"This approach holds real value for the church members, too," he adds. "Any evangelistic series may be inspiring to the members, but because meetings like these deal with topics that are new to them, they can experience growth, as well as inspiration. Such a series can help them become more conscientious in their total living."
A number of pastors have requested mimeographed outlines ($2.00 per set) of the topics presented at the Hartford series, which was the first in the Mid west to use a totally integrated medicalspiritual approach to living.
"However," notes Dr. Habenicht, "we are indebted to several Adventist doctors and evangelists, including Dr. J. Wayne McFarland, Dr. Mervyn Hardinge, Pastor Robert Spangler, and Pastor Bruce Johnston."
Reflecting on the series, both Dr. Habenicht and Pastor Cannon believe that the dual approach was successful and should be more widely used. They quickly add that there is still room for a lot of exploration and development. "At times," says Cannon, "we felt that we were getting a mongrel hybrid, for we were trying to marry the old evangelistic format to this new approach. This combination doesn't work; if a new method is going to be used, it should be used, not mixed with the old."
He notes that the regular evangelistictype song service could better be replaced by a couple of special musical numbers. "Also," he adds, "the longer evangelistic calls seem a betrayal to an audience accustomed to your informal personal dialoguing."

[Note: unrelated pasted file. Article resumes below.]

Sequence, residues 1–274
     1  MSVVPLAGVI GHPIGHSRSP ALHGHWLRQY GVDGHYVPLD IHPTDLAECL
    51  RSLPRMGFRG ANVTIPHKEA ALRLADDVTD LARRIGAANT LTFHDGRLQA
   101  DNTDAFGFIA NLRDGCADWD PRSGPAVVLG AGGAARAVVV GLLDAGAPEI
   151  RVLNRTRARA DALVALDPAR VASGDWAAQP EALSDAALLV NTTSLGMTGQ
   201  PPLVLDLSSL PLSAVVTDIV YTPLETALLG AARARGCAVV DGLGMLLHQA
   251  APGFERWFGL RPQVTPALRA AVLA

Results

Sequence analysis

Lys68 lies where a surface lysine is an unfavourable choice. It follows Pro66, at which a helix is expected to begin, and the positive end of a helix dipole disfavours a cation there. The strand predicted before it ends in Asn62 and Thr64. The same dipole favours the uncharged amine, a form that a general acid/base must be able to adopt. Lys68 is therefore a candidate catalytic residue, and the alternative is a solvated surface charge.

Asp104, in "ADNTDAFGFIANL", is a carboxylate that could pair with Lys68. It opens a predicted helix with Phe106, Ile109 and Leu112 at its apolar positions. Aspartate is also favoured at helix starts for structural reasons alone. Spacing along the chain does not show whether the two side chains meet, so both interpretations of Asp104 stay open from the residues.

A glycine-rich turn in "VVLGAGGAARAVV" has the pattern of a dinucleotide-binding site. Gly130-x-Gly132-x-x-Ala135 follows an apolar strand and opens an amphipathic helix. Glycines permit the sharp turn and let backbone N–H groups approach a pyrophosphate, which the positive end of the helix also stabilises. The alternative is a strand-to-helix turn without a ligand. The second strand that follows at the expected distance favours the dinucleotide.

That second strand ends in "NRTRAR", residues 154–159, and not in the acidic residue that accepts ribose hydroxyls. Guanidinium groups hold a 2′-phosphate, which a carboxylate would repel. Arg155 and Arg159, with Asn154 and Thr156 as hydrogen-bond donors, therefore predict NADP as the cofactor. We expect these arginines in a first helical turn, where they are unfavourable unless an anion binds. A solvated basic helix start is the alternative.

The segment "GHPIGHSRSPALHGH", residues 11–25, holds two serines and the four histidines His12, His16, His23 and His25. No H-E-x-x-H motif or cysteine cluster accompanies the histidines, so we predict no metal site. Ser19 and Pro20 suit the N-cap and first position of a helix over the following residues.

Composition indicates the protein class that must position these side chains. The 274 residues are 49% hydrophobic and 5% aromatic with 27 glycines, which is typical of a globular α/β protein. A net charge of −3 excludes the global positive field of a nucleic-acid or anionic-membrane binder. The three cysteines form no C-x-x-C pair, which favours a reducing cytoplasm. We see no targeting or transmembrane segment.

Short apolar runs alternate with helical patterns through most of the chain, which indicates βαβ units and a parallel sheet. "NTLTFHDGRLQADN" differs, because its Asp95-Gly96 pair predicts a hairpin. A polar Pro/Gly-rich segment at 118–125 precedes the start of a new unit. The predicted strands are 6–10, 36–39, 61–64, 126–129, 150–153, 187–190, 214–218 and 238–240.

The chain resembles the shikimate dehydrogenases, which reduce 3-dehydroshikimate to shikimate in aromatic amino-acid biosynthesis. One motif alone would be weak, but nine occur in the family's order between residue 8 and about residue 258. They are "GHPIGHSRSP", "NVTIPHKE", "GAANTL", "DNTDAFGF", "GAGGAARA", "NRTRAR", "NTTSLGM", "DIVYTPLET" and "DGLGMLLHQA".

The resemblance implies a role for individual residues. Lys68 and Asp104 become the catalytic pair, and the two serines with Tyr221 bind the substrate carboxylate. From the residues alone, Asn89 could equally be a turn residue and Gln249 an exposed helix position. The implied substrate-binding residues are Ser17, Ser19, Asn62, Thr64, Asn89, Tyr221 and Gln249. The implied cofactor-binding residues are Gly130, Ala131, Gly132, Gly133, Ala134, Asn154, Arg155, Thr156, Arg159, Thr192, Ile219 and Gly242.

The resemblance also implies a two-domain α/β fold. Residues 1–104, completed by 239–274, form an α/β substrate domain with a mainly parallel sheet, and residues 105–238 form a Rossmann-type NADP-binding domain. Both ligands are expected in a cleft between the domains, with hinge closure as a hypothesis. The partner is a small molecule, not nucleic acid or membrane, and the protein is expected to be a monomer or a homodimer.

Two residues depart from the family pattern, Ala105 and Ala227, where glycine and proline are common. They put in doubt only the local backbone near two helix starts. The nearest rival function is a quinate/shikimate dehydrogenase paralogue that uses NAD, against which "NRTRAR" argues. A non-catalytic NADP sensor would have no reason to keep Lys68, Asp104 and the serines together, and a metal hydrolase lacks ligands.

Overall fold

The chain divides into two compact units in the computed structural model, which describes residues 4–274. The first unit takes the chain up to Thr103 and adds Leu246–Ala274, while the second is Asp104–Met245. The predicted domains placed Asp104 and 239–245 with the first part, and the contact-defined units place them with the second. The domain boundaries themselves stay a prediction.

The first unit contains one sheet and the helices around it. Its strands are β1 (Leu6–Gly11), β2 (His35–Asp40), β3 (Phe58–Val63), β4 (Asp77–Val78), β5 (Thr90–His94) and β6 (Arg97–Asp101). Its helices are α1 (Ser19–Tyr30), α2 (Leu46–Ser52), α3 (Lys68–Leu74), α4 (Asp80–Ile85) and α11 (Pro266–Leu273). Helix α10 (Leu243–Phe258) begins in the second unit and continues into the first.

The dual approach takes much preparation. About six months before a series, the minister and doctor need to get together to begin planning and correlating topics. It simply cannot be done at the last minute. The minister who desires a doctor working with him should also be willing to locate materials or sources of materials for the doctor because of the latter's already full schedule, says Cannon.
"And, by all means, get the subjects that are interesting to the public not just subjects that are interesting to you," he declares. "Don't answer questions the public isn't asking."
He encourages a practical rather than a theoretical approach, with emphasis on the how to and the why. As an example, he cites the topic of the Sabbath. "Rather than spending all the time on proving that the seventh day is the Sabbath, try to show the people why God gave it."
The wholistic approach to living eliminates the really rough transition between such touchy subjects as diet, smoking, and Spirit of Prophecy, for the doctor can talk about these topics discussing health. With the correlation between Mrs. White's writings and the medical profession's recent findings, some people today will readily accept Mrs. White even though not joining the church.
"Together," concludes Cannon, "a physician and a pastor can form a very effective team for presenting the third angel's message. It's a practical approach each can question, especially in the dialog format, what the other seems to be saying; the audience will be doing that mentally anyway, and the immediate 'live' questioning can aid in clarification. At the same time, each can testify to the soundness of the other's presentation. When these two professions cooperate and support each other, there can be a real impact on their community."